US Congresswoman Tulsi Gabbard Blasts America’s Support for Al-Qaeda in Syria, as Trump Threatens Further Military Action

Global Research, September 19, 2018

US military veteran and congresswomen for Hawaii, Tulsi Gabbard,has slammed US foreign policy in Syria.

Arming al-Qaeda

On the 13th of September, Gabbard told [23:06] comedian and satirist Jimmy Dore:

“Since 2011 both overtly and covertly, the United States has been providing arms, intelligence, and equipment to fighters who are allied with, fighting along side, working with, al Qaeda in this regime change war.

So these very same terrorists who attacked us on 9/11. We’ve been supporting for years, as this ground force to fight in this regime change war that we have been quietly waging now for seven years.”


These statements are strikingly up front, given the fact that these policies began under Democratic Party President Barack Obama.

On the 17th anniversary of the 9/11 attacks, Gabbard also criticised Trump’s opposition the Syrian government’s plans to retake Idlib, by way of tweet:

Tulsi Gabbard


US House candidate, HI-2

While President Trump & VP Pence give 9/11 speeches about how much they care about the victims of al-Qaeda’s attack on our country, they are simultaneously acting as protectors of AQ in Syria/Idlib, threatening Russia and Syria that if they attack al-Qaeda, we will punish them.

It would be simplistic to see every anti-government rebel group in Syria as being ideologically identical.

But the earliest evidence, including from western establishment sources that support intervention in Syria, is that the dominant ideology among the majority of the armed opposition groups has long been fairly reactionary.

Supporting sectarianism and reactionary Islam

An US defense intelligence agency (DIA) report dated August 2012 put it bluntly [pdf, 3]:

“A. Internally, events are taking a clear sectarian direction

B. The Salafist (sic), the Muslim Brotherhood, and [Al Qaeda in Iraq] are the major forces driving the insurgency in Syria.

C. The West, Gulf Countries, and Turkey support the Opposition; While Russia, China and Iran support the Regime.”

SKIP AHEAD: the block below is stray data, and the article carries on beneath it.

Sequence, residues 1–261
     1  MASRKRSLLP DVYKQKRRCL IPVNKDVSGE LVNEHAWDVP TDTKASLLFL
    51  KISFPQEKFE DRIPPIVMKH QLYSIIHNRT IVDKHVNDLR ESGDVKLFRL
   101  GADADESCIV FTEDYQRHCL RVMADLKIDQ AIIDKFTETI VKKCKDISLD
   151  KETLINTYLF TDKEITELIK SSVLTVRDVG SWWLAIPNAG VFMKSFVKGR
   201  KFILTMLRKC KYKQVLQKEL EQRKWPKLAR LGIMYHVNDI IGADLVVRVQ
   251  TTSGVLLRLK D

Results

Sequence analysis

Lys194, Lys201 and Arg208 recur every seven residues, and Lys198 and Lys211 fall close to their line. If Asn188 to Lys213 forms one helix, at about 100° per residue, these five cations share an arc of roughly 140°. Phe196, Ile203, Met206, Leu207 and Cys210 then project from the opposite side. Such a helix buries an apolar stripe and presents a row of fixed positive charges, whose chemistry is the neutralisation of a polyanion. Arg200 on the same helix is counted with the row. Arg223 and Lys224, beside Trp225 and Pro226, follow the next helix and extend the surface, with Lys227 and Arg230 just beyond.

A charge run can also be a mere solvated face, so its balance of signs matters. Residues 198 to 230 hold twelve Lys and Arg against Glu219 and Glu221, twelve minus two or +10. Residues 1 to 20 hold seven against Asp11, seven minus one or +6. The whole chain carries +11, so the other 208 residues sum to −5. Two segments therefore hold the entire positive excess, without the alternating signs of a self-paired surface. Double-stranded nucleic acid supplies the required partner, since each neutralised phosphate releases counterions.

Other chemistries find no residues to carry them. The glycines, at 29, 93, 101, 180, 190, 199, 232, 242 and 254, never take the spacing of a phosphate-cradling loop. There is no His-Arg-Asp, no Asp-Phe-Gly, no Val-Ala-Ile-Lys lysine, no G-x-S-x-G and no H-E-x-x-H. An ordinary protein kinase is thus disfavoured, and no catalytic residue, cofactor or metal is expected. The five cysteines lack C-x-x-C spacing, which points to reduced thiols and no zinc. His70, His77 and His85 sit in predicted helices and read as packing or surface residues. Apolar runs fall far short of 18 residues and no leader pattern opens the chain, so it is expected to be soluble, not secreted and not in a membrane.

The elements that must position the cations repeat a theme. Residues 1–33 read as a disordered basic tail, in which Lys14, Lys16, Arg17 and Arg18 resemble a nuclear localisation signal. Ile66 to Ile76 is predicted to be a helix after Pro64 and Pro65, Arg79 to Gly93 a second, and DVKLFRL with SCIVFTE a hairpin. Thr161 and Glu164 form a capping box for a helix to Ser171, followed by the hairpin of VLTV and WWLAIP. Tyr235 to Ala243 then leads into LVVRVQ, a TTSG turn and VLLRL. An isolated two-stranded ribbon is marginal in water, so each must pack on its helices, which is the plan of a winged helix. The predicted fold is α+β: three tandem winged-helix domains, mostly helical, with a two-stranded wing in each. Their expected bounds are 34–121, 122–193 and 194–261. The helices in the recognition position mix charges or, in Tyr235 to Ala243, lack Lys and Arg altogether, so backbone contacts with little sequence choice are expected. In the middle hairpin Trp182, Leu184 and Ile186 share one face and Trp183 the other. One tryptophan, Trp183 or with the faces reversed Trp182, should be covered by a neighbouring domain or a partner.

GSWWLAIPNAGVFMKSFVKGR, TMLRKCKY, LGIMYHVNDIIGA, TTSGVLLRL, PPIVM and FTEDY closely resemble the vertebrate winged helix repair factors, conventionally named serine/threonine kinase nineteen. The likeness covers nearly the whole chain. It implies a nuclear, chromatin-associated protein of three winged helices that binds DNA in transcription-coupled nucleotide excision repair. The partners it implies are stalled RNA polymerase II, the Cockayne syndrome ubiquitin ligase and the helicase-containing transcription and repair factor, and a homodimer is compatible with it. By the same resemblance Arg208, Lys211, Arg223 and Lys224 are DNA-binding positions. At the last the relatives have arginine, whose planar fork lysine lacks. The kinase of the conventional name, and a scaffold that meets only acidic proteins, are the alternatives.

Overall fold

Operation Timber Sycamore

The New York Times (NYT) reported, five years into the war, that the US had been arming and training Syrian rebels, in alliance with Gulf states like Saudi Arabia. Establishment economist and former member of the ‘Chicago Boys’ Jeffrey Sachs also noted this policy in an unusually candid discussion on MSNBC. Although the ‘paper of record’ implies that the US only started funneling weapons to rebels in 2013 (under a programme code-named Timber Sycamore) the evidence suggests otherwise.

Investigative journalist Gareth Porter revealed last year how the same 2012 DIA report shows that the US funneled large amounts of weapons, with incredibly destructive potential, into Syria via Libya as early as October 2011.

Porter describes how the CIA facilitated at least:

“2,750 tons of arms bound ultimately for Syria from October 2011 through August 2012.”

Each container shipped included:

“500 sniper rifles, 100 RPG (rocket propelled grenade launchers) along with 300 RPG rounds and 400 howitzers. Each arms shipment encompassed as many as ten shipping containers, it reported, each of which held about 48,000 pounds of cargo.”

Establishment way of thinking

Alexander Decina also penned a very informative article on this subject in 2017. Decina, who is a Research Associate with The Council on Foreign Relations (CFR) argued that policymakers should stop searching for so called ‘moderate rebels’. The role of the CFR in shaping US policy is difficult to overstate.

Presidential candidate and former secretary of state Hillary Clinton once told the CFR:

“[I]t’s good to have an outpost of the Council right here down the street from the State Department.

We get a lot of advice from the Council, so this will mean I won’t have as far to go to be told what we should be doing and how we should think about the future.”

With friends like these

Decina  writes:

“U.S.-backed and ostensibly moderate groups have even turned their fire on U.S. personnel. In late August, weeks after Free Syrian Army units first fired on U.S. patrolsnorth of Manbij, U.S. troops finally fired back. One of the groups allegedly involved in the latest incident, the Sultan Murad Division, had received U.S. TOW missiles as late as February 2016.